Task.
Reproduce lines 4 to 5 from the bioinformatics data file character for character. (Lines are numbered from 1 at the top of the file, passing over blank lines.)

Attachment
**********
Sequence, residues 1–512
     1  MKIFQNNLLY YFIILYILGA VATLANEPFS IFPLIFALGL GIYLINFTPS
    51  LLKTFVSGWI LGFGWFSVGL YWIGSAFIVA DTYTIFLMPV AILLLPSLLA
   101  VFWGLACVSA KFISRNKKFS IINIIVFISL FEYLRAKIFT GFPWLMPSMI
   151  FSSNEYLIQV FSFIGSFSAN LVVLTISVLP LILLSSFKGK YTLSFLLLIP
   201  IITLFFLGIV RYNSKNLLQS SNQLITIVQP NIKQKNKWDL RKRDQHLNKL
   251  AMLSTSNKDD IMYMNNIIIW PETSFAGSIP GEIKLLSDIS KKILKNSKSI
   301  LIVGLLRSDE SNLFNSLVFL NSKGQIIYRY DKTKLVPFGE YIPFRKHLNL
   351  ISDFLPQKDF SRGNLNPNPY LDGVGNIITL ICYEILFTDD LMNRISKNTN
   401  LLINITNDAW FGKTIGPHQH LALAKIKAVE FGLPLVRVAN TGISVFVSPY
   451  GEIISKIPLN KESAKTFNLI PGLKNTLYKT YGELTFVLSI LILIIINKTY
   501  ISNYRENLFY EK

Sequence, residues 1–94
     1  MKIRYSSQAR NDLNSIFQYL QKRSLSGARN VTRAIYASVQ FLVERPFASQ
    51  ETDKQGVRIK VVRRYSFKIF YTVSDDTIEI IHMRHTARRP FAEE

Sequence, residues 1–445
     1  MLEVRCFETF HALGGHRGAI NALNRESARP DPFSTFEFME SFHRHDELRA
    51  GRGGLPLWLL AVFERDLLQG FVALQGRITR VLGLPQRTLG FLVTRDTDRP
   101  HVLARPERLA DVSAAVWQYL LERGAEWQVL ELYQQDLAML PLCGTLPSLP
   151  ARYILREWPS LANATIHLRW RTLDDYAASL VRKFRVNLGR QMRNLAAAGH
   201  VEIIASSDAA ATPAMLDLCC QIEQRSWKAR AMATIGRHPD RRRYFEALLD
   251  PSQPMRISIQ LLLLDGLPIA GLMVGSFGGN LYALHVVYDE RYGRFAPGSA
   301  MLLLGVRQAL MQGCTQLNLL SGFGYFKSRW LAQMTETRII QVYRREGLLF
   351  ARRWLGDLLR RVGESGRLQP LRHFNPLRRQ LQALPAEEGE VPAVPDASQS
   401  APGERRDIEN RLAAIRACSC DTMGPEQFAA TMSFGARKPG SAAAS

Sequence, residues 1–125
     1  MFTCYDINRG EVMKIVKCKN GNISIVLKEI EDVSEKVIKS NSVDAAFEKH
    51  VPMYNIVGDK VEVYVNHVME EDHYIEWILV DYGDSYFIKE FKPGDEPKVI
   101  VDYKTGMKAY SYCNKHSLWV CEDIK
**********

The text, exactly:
   101  VFWGLACVSA KFISRNKKFS IINIIVFISL FEYLRAKIFT GFPWLMPSMI
   151  FSSNEYLIQV FSFIGSFSAN LVVLTISVLP LILLSSFKGK YTLSFLLLIP